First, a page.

army soldiers heading out on deployment

Military Education Benefits for Officers

If you have yet to receive an undergraduate education, and you are interested in commissioning as an officer in the Military, there are multiple programs at your disposal to earn your bachelor’s degree for free.

Service Academies will pay full tuition, board, books, and all other fees in exchange for an active duty service commitment (5-8+ years). 1,200+ Colleges nationwide host a Reserve Officers’ Training Corps (ROTC) unit, which can offer merit-based scholarships that can cover all or some of your tuition and fees. Those attending Officer Candidate School (OSC) won’t earn any scholarships, but they will be paid approximately $2,600 per month while attending the training.

army soldiers heading out on deployment

Military Education Benefits for Military Officers

Paths to Becoming a Military Officer

In order to commission as an officer in the military, you must possess two things:

  • A Bachelor’s Degree
  • A Commision

Simple enough right?

While the vast majority of people are familiar with 4-year degrees, few understand the different pathways to earn a commission, and how much financial assistance each option offers.

It is worth reiterating that as a finance-centered site I will keep the conversation centered around the financial assistance each commissioning source offers, and not which one is ‘best’.

At the end of the day, each program will graduate good and bad military officers. Your performance as an officer will depend on the effort you put in, and not the institution you come from, so in no way should you correlate the amount of financial assistance to the prestige of the program.

Service Academies

Service academies are government 4-year college programs where your military training and college education are combined.

When compared to ROTC and OCS, the service academies will provide the largest financial benefit. If accepted into a service academy, the government will pay your entire tuition fees, living costs, books, flights to-and-from training, and will pay you a monthly stipend (paycheck) anywhere between ($150-$500+) at the end of each month.

However, the abundance of financial assistance also comes at a cost.

While these programs offer free education, you will have drastically less freedom than your ROTC and OCS counterparts. From a nightly curfew, limited weekend availability, and daily formations, you will be forced to be in a quasi-military environment nearly 24/7 throughout the four years.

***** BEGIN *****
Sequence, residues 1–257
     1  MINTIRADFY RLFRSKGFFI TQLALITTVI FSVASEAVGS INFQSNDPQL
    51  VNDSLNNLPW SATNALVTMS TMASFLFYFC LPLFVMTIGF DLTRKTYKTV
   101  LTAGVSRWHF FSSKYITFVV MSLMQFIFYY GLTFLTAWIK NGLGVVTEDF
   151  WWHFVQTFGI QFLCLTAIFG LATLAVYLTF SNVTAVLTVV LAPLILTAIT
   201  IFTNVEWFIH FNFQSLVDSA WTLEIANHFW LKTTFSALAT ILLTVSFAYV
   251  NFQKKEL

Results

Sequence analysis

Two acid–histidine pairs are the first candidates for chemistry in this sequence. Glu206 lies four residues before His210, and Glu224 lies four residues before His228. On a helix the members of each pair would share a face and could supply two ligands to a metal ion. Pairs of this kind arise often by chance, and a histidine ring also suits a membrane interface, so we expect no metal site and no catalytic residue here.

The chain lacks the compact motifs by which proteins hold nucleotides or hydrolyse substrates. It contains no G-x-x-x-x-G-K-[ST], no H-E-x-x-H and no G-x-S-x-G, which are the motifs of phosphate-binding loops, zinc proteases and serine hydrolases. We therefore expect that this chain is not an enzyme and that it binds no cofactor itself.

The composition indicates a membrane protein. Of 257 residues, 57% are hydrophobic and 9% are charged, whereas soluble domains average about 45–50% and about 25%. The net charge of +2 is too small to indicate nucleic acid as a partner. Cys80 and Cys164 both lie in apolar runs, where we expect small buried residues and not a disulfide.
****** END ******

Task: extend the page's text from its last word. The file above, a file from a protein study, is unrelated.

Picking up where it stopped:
For some students, the structured military environment is their desired lifestyle, but others may find the environment suffocating. As a graduate of the US Naval Academy, I personally loved my time at USNA, however, no one should feel bad if they decide a service academy lifestyle isn’t for them.

Each of the four service academies’ admissions/academics information is listed below. Keep in mind I am choosing to leave out the US Merchant Marine Academy, as not all graduates will commission as officers in the DOD, and the school does have tuition, unlike the others.

United States Naval Academy (USNA)

navy helicopter sitting on green field

Located in Annapolis, Maryland. The United States Naval Academy graduates roughly 1,000+ Navy and Marine Corps officers each year.

  • USNA offers 26 majors
  • There is a 8:1 student to faculty ratio
  • 92% of those accecpted graduate
  • Acceptance is competitive with an 8% acceptance rate

United States Air Force Academy (USAFA)

picture of a building on the US Air Force Academy Campus

Located in Colorado Springs, Colorado, The United States Air Force Academy graduates roughly 950 Air Force and Space Force officers each year.

  • USAFA offers 28 majors
  • There is a 6:1 student to faculty ratio
  • 85% of those accecpted graduate
  • Acceptance is competitive with an 11% acceptance rate

United States Military Academy (West Point)

picture of the main hall of the United States Military Academy

Located in West Point, New York, The United States Military Academy graduates roughly 1,000 Army officers each year.

  • USMA offers 56 majors
  • There is a 7:1 student to faculty ratio
  • 85% of those accecpted graduate
  • Acceptance is very selective with an 12% acceptance rate

United States Coast Guard Academy (USCGA)

The US Coast Guard Embelm

Located in New London, Connecticut, The United States Coast Guard Academy graduates roughly 200 Coast Guard officers each year.

  • USCGA offers 8 majors
  • There is a 7:1 student to faculty ratio
  • 89% of those accecpted graduate
  • Acceptance is very selective with an 21% acceptance rate